SLN is termed the linolenate selectivity; a high value is characterized by relatively high yields of dienoic acid in the reduction of an unsaturated triglyceride containing trienoic acids. SLO is the linoleate selectivity; a high value is characterized by relatively high yields of monoenoic acid in the reduction of an unsaturated triglyceride containing dienoic acids. An oil such as soybean oil contains both trienoic and dienoic acids, thus SLN and SLO may be measured simultaneously.
The catalyst used in the process of this invention shows substantially increased values of SLN and SLO relative to the prior art catalysts. Thus, the catalysts described herein are more selective than their prior art predecessors.
The method described herein is generally applicable to edible oils and fats of vegetable and animal origin, collectively referred to herein as fatty materials. Because the partial hydrogenation of liquid oils to afford hardened, but still liquid, oils occupies a prominent part within the domain of hydrogenation of edible oils and fats, the method of this invention is particularly applicable to such partial hydrogenation. Thus, the described method of hydrogenation is especially useful to partially harden edible liquid oils whereby the iodine value (IV) is lowered from about 10 to about 30 units by hydrogenation. The term "iodine value" is a measure of the total extent of unsaturation in an edible oil or fat as performed by a standard test. In the context of soybean oil, which is a particularly important liquid vegetable oil, partial hardening is continued to an IV drop of from about 15 to about 25 units.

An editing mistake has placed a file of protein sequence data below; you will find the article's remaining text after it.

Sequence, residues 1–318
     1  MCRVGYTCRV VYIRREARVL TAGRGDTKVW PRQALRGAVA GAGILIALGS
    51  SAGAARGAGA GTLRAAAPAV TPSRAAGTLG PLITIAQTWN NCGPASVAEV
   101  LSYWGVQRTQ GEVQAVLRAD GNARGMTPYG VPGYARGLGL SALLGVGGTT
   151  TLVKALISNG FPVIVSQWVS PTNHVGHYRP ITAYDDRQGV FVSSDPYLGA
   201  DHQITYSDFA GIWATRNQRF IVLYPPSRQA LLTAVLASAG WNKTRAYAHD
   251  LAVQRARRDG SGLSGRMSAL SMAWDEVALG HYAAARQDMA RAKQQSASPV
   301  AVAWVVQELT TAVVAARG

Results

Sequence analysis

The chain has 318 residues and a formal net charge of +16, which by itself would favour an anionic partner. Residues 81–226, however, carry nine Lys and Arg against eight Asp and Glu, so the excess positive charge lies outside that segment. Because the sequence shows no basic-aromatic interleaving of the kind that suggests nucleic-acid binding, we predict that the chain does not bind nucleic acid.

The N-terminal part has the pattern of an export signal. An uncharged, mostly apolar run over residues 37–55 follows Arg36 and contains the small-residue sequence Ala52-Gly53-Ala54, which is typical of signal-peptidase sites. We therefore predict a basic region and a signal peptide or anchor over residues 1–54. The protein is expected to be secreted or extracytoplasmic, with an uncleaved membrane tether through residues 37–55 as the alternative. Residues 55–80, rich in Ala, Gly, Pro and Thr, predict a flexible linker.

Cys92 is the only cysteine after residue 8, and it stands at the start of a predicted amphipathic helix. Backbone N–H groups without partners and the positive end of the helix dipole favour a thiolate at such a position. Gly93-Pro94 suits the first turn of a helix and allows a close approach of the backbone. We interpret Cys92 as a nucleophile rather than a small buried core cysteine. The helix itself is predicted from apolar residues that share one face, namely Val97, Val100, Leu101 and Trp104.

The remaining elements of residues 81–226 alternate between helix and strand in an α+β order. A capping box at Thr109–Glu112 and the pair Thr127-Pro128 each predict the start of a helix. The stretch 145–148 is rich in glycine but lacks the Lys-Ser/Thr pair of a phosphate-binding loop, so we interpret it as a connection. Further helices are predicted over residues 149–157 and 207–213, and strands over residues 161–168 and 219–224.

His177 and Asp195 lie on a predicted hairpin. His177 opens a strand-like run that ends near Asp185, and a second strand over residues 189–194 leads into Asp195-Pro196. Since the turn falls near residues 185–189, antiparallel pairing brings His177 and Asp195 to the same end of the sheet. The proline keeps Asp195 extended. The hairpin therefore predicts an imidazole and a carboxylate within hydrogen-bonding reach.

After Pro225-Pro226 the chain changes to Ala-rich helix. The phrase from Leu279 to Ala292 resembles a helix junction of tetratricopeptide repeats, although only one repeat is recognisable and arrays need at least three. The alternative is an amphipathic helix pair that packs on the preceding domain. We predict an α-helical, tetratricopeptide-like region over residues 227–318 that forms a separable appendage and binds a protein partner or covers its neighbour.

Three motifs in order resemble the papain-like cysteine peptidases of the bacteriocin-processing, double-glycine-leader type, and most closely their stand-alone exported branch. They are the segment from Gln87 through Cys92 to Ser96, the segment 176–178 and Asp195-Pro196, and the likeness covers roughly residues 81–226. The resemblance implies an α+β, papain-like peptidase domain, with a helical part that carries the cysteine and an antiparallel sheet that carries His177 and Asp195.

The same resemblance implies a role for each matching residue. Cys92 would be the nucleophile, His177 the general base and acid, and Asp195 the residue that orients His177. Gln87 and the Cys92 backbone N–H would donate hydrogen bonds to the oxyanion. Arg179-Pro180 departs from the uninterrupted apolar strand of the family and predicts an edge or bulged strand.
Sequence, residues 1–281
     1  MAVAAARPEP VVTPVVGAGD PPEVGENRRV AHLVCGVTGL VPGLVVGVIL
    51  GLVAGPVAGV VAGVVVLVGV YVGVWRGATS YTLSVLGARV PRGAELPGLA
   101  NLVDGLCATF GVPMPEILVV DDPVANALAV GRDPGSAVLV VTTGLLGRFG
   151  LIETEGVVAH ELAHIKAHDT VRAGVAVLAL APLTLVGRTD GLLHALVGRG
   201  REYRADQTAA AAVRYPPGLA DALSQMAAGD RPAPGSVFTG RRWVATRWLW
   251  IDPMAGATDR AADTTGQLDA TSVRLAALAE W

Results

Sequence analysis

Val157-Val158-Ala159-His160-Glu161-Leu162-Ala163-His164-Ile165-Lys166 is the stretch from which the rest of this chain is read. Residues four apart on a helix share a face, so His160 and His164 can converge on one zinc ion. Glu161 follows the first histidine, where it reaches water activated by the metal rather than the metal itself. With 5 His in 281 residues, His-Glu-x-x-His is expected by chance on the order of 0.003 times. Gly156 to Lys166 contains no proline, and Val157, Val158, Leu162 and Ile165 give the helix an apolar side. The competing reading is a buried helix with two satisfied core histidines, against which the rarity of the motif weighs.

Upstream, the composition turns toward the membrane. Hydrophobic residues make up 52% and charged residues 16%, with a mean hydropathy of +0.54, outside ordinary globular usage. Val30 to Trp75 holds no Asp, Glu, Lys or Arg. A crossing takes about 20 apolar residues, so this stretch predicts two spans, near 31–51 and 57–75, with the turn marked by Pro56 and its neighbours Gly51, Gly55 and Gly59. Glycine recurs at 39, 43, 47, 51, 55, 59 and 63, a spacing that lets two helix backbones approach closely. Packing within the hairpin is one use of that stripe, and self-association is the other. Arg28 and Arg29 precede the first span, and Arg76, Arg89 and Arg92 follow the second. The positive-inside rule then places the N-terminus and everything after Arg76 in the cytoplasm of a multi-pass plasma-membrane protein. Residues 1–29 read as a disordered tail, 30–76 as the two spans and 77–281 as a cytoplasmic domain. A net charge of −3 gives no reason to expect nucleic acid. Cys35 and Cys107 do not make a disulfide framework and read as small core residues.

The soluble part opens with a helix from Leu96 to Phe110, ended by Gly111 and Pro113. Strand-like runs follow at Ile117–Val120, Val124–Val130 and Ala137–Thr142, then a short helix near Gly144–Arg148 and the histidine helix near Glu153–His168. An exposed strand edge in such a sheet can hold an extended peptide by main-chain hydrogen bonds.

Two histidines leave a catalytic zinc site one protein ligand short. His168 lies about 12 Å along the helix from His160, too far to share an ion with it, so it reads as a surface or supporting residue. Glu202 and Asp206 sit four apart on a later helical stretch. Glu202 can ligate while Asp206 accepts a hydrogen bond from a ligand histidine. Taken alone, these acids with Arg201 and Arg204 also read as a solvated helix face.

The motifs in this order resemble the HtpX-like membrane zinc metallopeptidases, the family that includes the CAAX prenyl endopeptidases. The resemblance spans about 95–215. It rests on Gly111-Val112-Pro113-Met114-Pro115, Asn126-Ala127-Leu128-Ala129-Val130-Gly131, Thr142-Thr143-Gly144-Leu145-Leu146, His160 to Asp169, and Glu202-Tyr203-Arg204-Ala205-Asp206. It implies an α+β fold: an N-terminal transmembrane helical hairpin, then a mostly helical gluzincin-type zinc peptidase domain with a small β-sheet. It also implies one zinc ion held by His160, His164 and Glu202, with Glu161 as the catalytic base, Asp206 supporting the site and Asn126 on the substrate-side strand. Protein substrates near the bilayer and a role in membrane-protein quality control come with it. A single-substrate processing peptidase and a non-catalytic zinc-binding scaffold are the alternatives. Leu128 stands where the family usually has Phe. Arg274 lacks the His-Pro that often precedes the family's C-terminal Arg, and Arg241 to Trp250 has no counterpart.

Although the method claimed herein is especially valuable when applied to the partial hydrogenation of liquid vegetable oils, it must be explicitly recognized that the selectivity of the claimed method is also manifested in more extensive hydrogenations. Thus, as is shown below, the claimed method may be used generally in hydrogenating edible oils wherever increased selectivity relative to other Group VIII catalysts is desired.
The method of this invention is especially applicable to liquid vegetable oils. Examples of such oils include soybean oil, cottonseed oil, sunflower oil, safflower oil, rapeseed oil, and liquid fractions from palm oil. The application of this method to soybean oils is especially important. As will be recognized by those skilled in the art, partial hydrogenation of liquid oils to afford partially hardened liquid oils is especially demanding, hence it is to be expected that a method suitable for this task also is suitable for more extensive hydrogenation. Thus, the method described herein also is suitable for more extensive hydrogenation, where the change in IV is from about 30 to about 70 units. Oils and fats which can be so hydrogenated include those above, their partially hydrogenated products, and also such feedstocks as palm oil.
The catalyst of this invention is a zerovalent Group VIII metal dispersed with an eggshell distribution on a porous support. "Eggshell distribution" refers to the situation where the zerovalent metal is located primarily in a layer at and near the surface of the support. Using a spherical particle of support as an example, in the ideal case an eggshell distribution of a metal is tantamount to the metal being concentrated in a thin shell at, and immediately below, the surface of the support, with none in the interior. See, for example, A. V. Neimark, L. I. Kheifez, and V. B. Fenelonov, Ind. Eng. Chem. Prod. Res. Dev., 20, 439 (1981), especially Figure 1 at page 440.